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Gaining Respect as a New Manager

It’s the first day on the job and you find that you have a mix of emotions. You feel excited for this new role and authority but also feel some anxiety. You may begin to question why you took this new role and wonder how well you’ll perform in the eyes of your peers.

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This is a common scenario for most people when making a jump to a new level in their career. Everyone desires a bigger salary and it takes at least one of two things to achieve this goal; you can either develop a more valuable skill or take on more responsibility as a higher authority figure in your field. By choosing the latter, not only does your role change but there will also be a shift in how you interact with colleagues and co-workers.

One of the most pressing issues is finding the delicate balance of getting people to like you while also performing your job effectively. Let’s take a look at some of most useful ways to gain respect as you navigate your new role.

Be Accountable

Just as you will expect your colleagues to demonstrate accountability, so should you. You’re probably going to mistakes at first and that’s ok! Just make sure to own up to your faults and make strides to do better in the future.

Demonstrate a Positive Attitude

You are a Leader now and will have greater set of eyes watching your every move. Embrace this and project an approachable and positive attitude. Find a solution not a problem as the saying goes.

Develop, Don’t Chastise

Unless you have an affinity for cutting people down, think about how you deliver information when coaching an employee or department. When mistakes happen, use these as an opportunity to make improvements rather than punish team members.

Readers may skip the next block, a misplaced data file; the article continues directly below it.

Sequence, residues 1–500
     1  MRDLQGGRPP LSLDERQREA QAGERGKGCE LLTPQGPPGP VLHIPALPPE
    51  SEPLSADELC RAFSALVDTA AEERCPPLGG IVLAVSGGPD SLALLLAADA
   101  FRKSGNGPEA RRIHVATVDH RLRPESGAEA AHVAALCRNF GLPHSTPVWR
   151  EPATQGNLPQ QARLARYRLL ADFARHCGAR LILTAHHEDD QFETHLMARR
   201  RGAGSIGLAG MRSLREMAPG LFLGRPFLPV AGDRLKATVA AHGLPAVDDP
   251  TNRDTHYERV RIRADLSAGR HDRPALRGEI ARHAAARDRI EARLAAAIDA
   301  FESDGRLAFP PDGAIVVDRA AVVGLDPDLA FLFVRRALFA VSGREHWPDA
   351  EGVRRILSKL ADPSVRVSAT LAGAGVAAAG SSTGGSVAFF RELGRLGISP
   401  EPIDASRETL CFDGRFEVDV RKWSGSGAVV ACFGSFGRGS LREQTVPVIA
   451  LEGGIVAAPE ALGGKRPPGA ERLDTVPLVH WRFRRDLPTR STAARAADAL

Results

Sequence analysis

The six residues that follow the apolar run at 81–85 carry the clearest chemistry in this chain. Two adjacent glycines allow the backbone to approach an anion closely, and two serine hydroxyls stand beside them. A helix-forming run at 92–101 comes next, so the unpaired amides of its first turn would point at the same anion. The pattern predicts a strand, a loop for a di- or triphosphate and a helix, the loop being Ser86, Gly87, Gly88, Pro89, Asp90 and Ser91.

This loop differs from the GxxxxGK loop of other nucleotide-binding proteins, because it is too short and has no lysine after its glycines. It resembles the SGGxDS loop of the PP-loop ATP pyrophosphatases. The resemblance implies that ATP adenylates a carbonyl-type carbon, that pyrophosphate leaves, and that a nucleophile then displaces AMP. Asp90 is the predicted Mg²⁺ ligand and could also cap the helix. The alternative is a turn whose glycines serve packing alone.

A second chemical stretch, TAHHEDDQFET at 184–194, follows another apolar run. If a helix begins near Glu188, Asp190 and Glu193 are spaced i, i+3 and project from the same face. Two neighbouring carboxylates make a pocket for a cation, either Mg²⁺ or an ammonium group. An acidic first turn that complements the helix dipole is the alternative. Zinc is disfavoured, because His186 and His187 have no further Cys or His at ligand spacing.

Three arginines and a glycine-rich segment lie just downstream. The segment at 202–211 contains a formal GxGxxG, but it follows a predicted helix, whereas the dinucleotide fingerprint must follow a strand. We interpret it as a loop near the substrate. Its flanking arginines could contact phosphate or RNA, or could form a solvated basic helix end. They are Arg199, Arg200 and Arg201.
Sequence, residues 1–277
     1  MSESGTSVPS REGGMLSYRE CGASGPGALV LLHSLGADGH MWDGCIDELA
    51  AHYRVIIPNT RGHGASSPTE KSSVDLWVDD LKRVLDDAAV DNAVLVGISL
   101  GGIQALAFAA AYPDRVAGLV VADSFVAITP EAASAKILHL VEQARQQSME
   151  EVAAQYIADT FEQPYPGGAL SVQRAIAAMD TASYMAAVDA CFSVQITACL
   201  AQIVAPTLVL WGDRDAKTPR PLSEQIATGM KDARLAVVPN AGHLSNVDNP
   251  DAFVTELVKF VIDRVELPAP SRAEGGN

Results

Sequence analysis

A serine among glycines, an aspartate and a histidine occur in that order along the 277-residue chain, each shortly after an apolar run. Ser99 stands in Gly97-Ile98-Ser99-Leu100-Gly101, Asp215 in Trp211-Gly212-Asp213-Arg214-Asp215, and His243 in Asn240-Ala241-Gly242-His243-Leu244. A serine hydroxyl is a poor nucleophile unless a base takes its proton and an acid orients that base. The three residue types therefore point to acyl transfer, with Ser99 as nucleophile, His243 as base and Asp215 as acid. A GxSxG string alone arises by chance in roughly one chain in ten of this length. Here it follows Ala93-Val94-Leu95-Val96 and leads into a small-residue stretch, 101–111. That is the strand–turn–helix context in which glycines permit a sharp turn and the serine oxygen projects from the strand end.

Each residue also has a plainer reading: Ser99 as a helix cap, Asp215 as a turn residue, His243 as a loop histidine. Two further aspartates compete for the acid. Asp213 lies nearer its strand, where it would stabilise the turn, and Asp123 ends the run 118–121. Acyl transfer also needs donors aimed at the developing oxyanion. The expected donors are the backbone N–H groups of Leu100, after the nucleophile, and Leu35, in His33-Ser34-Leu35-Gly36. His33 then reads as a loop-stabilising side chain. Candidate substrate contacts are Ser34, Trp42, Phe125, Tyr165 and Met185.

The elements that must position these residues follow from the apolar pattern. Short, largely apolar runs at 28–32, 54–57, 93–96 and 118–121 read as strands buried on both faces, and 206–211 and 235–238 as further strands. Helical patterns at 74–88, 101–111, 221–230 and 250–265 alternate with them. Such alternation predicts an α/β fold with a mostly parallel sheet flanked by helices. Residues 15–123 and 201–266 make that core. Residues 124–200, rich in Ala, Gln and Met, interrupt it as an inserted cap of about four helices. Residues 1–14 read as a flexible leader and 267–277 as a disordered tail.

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Acknowledge talent

If someone has a certain knack for a certain task, make sure to celebrate his or her skill. Rewarding a person for a job well done, even if simply through kind words or gestures, speaks highly of your character and hopefully, growing talent as a Manager.

Practice what you preach

It’s absolutely imperative to hold yourself to the same standard you expect from others. No one likes a hypocrite.

Let Others Lead

Perhaps you’ve heard this before but truly, the best Leaders are those who create more Leaders. Sometimes it will be necessary to allow others a chance to make decisions or choose a direction. Receive others ideas and you will eventually see your team flourish.

If you’re struggling with any of the basics of becoming a Manager or feel you need to add Leadership skills to your skills base, a business course can help consolidate existing knowledge and develop new capability. Browse our Management and Leadership courses to find one that suits your position and ambitions.

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